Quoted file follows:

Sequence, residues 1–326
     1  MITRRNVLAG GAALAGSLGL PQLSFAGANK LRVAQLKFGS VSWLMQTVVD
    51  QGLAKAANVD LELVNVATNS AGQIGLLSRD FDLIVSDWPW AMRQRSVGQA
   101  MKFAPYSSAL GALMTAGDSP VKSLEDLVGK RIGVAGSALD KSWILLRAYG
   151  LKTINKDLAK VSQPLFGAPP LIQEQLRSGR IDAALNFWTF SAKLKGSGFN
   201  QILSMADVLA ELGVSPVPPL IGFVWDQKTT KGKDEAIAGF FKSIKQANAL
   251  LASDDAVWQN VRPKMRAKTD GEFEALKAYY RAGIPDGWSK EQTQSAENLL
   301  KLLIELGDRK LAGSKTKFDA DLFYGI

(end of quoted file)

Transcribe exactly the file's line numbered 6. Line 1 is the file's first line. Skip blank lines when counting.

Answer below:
   201  QILSMADVLA ELGVSPVPPL IGFVWDQKTT KGKDEAIAGF FKSIKQANAL